- A group of federal agencies working under the Joint Financial Management Improvement Program (JFMIP) released a report this week aimed at reducing improper federal government payments to individuals who aren’t who they say they are or otherwise provide inaccurate information about their identities.
- The report explores identity verification strategies for cracking down on the fraud by individuals who seek government aid. The effort comes after the Government Accountability Office estimated in May that federal agencies sent $281 billion in improper payments in fiscal year 2021, excluding the extensive COVID-19-related fraud. That figure was more than double the $75 billion estimated in the prior year.
- The Government Accountability Office, the Office of Management and Budget (OMB), the Office of Personnel Management and the Treasury Department collaborated on the 84-page report that resulted from reviewing studies, interviewing experts and convening government and industry officials and professionals for a two-day conference last month.
The new report is part of a broader federal government campaign in recent years to root out improper payments. As a result of the new effort, billions of dollars in government payments affected by fraud have been tabulated in recent years, the report said. Looking back, the report noted that estimated improper payments from fiscal year 2003 through 2021 amounted to $2.2 trillion, or about $7,000 for every U.S. citizen over that period.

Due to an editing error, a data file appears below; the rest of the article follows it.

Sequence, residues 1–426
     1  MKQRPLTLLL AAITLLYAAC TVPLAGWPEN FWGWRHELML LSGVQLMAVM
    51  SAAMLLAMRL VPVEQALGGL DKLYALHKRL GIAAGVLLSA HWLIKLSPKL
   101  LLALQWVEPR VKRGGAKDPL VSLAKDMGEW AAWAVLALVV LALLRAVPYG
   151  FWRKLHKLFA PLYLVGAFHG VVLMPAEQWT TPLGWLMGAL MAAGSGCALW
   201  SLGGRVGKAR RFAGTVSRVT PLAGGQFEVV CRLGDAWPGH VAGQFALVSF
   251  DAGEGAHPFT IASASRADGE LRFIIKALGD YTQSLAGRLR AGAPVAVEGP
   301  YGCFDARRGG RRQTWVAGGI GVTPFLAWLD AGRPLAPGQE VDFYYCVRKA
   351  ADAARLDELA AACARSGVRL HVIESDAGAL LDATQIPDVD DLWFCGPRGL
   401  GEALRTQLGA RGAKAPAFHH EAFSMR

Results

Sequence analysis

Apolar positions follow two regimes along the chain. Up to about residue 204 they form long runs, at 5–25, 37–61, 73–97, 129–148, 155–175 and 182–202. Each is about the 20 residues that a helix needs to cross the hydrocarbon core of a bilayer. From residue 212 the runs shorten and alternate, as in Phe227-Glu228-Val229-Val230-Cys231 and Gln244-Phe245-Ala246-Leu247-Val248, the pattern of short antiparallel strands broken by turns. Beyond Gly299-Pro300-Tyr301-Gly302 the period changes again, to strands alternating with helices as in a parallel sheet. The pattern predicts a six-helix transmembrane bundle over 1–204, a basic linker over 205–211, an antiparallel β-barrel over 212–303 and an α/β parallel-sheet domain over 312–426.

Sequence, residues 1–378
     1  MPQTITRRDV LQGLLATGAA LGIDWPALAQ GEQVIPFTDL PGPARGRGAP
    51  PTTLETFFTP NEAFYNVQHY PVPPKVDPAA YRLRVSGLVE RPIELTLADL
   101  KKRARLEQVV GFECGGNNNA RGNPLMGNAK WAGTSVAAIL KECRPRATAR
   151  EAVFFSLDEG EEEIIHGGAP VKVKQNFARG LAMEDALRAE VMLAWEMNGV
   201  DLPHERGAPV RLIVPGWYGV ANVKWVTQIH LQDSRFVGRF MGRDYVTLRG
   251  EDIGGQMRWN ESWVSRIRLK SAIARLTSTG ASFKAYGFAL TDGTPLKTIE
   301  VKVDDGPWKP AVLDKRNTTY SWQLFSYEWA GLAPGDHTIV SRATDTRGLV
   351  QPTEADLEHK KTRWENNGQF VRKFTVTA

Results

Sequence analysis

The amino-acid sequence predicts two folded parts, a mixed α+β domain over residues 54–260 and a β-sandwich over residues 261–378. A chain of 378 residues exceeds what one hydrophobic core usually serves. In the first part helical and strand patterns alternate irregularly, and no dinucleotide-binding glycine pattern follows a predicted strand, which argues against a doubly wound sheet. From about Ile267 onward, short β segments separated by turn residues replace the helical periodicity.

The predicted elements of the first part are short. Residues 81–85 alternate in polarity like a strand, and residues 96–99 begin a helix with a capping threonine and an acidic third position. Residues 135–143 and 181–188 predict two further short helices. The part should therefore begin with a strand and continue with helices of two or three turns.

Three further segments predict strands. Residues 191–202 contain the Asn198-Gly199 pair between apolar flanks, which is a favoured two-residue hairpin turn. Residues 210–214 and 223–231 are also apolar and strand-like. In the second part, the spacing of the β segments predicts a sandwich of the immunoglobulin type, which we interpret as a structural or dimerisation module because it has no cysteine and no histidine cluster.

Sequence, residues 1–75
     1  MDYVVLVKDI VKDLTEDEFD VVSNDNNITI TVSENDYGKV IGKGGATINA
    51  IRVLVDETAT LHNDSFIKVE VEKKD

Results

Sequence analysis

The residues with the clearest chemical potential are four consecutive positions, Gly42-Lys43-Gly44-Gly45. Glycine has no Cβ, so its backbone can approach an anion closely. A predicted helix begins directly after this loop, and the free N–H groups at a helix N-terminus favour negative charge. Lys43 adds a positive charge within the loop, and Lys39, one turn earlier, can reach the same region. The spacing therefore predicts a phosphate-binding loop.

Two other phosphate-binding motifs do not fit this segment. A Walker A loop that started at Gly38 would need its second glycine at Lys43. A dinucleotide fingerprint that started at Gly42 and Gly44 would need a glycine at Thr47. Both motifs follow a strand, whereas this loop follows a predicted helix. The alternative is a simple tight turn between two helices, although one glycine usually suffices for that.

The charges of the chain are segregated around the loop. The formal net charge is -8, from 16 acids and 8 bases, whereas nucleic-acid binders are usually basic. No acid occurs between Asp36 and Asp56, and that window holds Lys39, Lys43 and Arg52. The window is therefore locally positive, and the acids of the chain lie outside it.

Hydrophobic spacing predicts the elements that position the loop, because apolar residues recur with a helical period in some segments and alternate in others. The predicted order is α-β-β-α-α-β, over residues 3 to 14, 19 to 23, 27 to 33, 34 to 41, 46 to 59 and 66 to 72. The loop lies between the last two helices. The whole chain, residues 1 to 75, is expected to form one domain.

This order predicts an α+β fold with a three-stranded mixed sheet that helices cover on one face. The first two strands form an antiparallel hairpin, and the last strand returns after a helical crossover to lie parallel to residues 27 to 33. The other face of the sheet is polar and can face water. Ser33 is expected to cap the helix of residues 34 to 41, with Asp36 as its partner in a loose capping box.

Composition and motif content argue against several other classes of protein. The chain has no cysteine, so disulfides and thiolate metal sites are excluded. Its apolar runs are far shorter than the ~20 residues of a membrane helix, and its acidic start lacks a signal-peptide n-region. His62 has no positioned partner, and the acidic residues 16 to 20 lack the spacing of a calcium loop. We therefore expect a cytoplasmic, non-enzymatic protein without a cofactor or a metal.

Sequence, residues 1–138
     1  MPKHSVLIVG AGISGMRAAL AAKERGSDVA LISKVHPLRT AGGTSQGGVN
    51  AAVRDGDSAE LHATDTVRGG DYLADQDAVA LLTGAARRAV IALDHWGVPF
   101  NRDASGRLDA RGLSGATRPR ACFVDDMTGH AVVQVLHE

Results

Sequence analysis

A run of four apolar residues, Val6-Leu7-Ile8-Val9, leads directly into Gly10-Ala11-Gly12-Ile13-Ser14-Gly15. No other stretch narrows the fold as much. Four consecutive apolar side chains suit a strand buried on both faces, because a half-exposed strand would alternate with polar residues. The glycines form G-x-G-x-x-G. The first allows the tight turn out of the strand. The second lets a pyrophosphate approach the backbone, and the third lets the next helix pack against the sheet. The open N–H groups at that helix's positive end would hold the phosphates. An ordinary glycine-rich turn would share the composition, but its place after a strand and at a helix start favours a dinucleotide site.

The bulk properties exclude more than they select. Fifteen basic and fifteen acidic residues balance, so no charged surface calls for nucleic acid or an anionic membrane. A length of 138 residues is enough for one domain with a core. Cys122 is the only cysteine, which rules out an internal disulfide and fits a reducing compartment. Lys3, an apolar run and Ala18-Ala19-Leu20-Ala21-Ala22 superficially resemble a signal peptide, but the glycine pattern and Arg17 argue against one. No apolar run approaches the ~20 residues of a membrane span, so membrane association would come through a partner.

The JFMIP report is part of a broader, ongoing initiative begun in October 2020 and will eventually feed key considerations and empirical data to an expected executive order from President Joe Biden calibrated to curtail identity theft in federal government benefits programs. In March, the White House announced it would implement the order this year to combat fraud particularly in pandemic relief programs.
“Federal agencies and oversight bodies have recently taken steps to determine the significance of misrepresented identity as a cause of improper payments and have begun to focus on identity verification as a means to improve payment integrity,” the report said.
A large share of the improper payments are to individuals who must meet certain eligibility requirements, the report said. Some strategies for preventing the fraud explored in the report include examining applicants’ digital footprints, reviewing bank account information, checking physical or email addresses and using biometric identification.
In 2020, another federal agency group determined that the government wasn’t doing enough to track identity theft in those improper payments and, as a result, the OMB called on agencies to tally that particular payment fraud. In 2021, it found about $7.7 billion in the faulty payments were due to problems with identity verification.
“Some agencies are still in the beginning phases of determining whether misrepresented identity is a significant cause of improper payments and the total impact of misrepresented identity is still largely unknown,” the report said.
The report repeatedly warns of pitfalls if the government resorts to identification methods that present undue burdens for “socioeconomically vulnerable” people. The broader initiative under Biden’s direction seeks to cut the improper payments while also “protecting privacy and civil liberties and preventing bias,” the report said.